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The Ancient Order of Hibernians gathered at the Old Jail and Museum for the Day of the Rope Mass, commemorating the 135th anniversary of the hanging of the Molly Maguires.

The Ancient Order of Hibernians  remembered and prayed for the Molly Maguires on Saturday during the annual Day of the Rope Mass at the Old Jail and Museum where the Mollies were put to death 135 years ago.

The sashed AOH members and others in attendance sat where witnesses watched Molly Maguires Alec Campbell (for whom the AOH chapter is named), John “Yellow Jack” Donahue, Michael Doyle and Edward Kelly fall together from the gallows on June 21, 1877. Convicted of the murders of John P. Jones in Lansford and Morgan Powell at Summit Hill, the four men did not die all at once from broken necks. At least one took as long as four minutes to die.

Six other Molly Maguires were hanged that fateful day in Pottsville, while Thomas P. Fisher, James McDonnell and Charles Sharp were hanged in the Old Jail in 1878 and 1879.

The Rev. Patrick Shoenauer of St. Francis Parish in Nesquehoning, Monsignor Francis Carbine of St. Katherine of Sienna Parish in Philadelphia and the Rev. John R. McFadden, who is retired from the Archdiocese of Philadelphia and now serves as associate pastor at St. Joseph Parish in Jim Thorpe con-celebrated the Mass at an altar below the gallows.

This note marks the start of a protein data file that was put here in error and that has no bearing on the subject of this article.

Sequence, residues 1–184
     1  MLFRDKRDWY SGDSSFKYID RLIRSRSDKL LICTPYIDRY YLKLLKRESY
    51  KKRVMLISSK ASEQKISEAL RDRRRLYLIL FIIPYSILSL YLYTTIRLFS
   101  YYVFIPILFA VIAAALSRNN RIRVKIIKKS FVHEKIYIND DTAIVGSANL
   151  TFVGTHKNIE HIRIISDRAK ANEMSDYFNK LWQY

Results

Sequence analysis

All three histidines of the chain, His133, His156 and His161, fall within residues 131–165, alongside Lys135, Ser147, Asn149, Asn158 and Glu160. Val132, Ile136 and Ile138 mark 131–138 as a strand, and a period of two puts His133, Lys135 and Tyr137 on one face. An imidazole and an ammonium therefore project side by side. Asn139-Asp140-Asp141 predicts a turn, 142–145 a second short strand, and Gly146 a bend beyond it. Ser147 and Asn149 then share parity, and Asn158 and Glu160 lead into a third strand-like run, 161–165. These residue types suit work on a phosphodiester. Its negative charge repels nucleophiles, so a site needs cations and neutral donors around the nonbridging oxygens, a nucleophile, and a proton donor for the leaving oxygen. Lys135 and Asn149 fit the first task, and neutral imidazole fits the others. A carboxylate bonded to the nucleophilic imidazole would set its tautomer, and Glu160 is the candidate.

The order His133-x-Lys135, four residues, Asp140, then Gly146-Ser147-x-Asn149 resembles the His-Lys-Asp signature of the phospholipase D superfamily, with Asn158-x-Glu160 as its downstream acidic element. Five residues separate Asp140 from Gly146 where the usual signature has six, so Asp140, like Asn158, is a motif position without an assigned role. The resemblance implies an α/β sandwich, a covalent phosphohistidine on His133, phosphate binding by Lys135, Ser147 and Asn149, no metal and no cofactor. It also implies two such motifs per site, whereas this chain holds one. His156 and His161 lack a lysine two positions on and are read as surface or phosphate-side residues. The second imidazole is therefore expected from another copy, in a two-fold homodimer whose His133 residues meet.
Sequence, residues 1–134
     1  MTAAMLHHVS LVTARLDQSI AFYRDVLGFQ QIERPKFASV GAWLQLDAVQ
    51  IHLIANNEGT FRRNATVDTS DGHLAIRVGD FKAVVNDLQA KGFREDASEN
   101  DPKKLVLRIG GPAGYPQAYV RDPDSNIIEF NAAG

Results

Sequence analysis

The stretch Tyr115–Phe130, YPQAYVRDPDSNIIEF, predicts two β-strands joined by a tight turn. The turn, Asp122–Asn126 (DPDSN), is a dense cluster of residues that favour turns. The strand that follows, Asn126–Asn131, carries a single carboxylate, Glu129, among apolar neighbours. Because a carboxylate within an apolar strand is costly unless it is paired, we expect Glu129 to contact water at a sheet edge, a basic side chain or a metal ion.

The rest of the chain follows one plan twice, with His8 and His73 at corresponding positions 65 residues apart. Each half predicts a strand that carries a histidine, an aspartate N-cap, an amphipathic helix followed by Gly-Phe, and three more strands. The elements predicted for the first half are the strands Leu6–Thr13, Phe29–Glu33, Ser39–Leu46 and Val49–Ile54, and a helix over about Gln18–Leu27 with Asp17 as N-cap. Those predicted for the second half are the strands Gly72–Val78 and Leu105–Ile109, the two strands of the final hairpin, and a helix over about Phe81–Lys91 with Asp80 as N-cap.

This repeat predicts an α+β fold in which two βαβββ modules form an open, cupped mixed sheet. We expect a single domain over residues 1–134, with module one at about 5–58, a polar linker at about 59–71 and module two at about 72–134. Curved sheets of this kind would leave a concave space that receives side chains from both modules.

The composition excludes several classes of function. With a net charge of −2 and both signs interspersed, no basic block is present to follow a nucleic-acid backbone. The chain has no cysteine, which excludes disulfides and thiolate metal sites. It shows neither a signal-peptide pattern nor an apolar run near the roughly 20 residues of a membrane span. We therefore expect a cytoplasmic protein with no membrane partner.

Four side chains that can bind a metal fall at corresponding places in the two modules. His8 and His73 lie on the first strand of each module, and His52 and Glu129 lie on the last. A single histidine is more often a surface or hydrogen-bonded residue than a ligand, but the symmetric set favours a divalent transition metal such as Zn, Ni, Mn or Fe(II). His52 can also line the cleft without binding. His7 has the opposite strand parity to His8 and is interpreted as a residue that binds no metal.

Jim Thorpe resident Chip Burnett visits the grave of fellow AOH member and “King of the Mollies” John “Black Jack” Kehoe. Hanged in Pottsville on Dec. 18, 1878 and buried in St. Jerome’s Cemetery in Tamaqua, Governor Milton Shapp posthumously pardoned Kehoe in 1979.

Hanged in Pottsville on Dec. 18, 1878 and buried in St. Jerome’s Cemetery in Tamaqua, Governor Milton Shapp posthumously pardoned the “King of the Mollies,” John “Black Jack” Kehoe in 1979. Sean Connery portrayed Kehoe in the 1970 film The Molly Maguires.

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